A LACK of awareness about the tasks of soldiers in modern-day war zones makes it hard for them to adjust to life at home, a former army commander believes.
Wangaratta RSL sub-branch president Ash Power, a retired lieutenant-general, will speak on post-traumatic stress disorder at Lift the Lid, a public event aimed at raising awareness about mental health among service personnel.
It has been organised by the Rotary Club of Wodonga West and will be held at the city’s RSL club on Saturday from 6.30pm.
“Nowadays we send people to different places and it’s not in the news and the rest of Australia wouldn’t know what they’re doing when they’re gone,” Mr Power said.
The veteran of 15 stints in Afghanistan and deployments to East Timor and Bougainville said soldiers in the post-September 11 era faced the prospect of being confronted by traumatic scenes much sooner in their careers than he did.
“I had 20 years in the army to prepare myself for that and was a bit more mature and had been through training and exercises, so in some ways had been desensitised whereas young people are experiencing that much more often,” Mr Power said.
“They may have been in the army for six months or 12 months before they are deployed and we are asking a hell of a lot of people...although that is the nature of the business.”
Mr Power will be one of four speakers on Saturday night with Young Diggers Australia president John Jarrett, Rotary Health ambassador Terry Grant and Wodonga psychiatric nurse and TAFE teacher Bryan Winnett also on the bill.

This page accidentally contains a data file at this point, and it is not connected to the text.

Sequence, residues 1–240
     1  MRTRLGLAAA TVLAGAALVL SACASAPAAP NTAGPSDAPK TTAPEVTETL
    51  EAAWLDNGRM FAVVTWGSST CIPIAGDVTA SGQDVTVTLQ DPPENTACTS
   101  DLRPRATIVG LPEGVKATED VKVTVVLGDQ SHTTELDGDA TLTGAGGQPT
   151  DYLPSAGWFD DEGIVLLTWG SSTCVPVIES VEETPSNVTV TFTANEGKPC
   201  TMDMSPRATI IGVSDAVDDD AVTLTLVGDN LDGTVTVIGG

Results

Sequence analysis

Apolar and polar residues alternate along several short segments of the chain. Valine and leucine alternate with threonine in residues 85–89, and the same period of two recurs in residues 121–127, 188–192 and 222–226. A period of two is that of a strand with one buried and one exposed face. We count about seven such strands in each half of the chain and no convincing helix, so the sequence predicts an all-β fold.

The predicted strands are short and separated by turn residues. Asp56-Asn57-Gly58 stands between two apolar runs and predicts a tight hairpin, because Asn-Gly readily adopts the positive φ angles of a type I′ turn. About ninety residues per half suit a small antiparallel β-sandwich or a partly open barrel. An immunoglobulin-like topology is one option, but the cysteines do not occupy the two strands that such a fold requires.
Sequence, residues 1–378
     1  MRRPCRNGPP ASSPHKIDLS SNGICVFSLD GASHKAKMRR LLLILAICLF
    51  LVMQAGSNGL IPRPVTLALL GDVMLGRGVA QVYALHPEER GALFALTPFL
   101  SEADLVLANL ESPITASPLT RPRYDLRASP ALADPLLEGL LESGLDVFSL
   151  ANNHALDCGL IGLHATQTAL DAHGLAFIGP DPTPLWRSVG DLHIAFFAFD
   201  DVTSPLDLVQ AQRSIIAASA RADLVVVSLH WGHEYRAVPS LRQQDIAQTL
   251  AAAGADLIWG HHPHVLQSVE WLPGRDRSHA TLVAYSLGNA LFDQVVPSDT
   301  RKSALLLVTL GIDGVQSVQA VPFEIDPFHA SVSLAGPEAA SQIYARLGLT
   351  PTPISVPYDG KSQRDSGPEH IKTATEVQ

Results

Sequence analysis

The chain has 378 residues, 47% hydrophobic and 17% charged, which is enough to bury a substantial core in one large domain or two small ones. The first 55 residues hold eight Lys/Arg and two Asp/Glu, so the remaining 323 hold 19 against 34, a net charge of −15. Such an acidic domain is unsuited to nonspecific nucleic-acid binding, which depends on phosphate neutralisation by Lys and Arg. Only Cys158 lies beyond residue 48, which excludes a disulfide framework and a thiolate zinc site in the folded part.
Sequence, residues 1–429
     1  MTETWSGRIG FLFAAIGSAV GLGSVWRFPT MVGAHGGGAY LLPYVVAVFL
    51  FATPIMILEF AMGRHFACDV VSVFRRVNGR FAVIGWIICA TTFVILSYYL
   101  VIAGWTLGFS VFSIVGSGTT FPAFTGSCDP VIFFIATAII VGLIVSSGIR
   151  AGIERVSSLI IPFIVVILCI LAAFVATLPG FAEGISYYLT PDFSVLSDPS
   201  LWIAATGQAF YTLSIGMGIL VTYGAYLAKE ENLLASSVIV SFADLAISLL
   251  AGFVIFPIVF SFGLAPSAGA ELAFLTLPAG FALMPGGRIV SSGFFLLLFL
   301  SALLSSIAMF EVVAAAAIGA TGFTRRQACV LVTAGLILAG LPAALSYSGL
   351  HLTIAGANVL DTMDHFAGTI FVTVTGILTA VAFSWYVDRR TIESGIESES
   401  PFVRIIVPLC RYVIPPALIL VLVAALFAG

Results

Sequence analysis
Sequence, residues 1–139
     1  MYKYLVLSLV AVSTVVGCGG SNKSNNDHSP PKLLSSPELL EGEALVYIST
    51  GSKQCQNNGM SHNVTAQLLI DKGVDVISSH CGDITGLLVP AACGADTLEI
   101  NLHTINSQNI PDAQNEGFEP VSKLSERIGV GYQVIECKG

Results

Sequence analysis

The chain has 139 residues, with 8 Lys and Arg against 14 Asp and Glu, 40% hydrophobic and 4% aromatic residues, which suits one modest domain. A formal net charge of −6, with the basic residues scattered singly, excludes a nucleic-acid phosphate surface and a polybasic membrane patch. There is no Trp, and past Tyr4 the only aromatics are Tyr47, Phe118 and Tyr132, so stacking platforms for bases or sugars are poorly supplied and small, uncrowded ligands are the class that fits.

Mr Jarrett oversees Dogs 4 Diggers, a program which involves returned soldiers being matched with canines for therapeutic purposes.
He will bring his own dog, a German shepherd.
Mr Grant will speak of Rotary Health, which is funding doctorates examining mental woes, while Mr Winnett will talk of supporting those struggling to return to work.
Rotary Club of Wodonga West committee member Peter Lee said Lift the Lid was an effort to seriously contribute to mental health awareness.
“Rotary every year, through the Rotary Health, has a mental health day and technically it was the 7th of October where each club did their own thing, some went to meetings where they wore funny hats made donations,” Mr Lee said.
“Our club decided to do something different and we’re having a joint meeting with club and RSL members and going into great depth with what’s happening in mental health.
“As Wodonga and surrounds is quite militarily involved we’re coming at it from a military aspect.”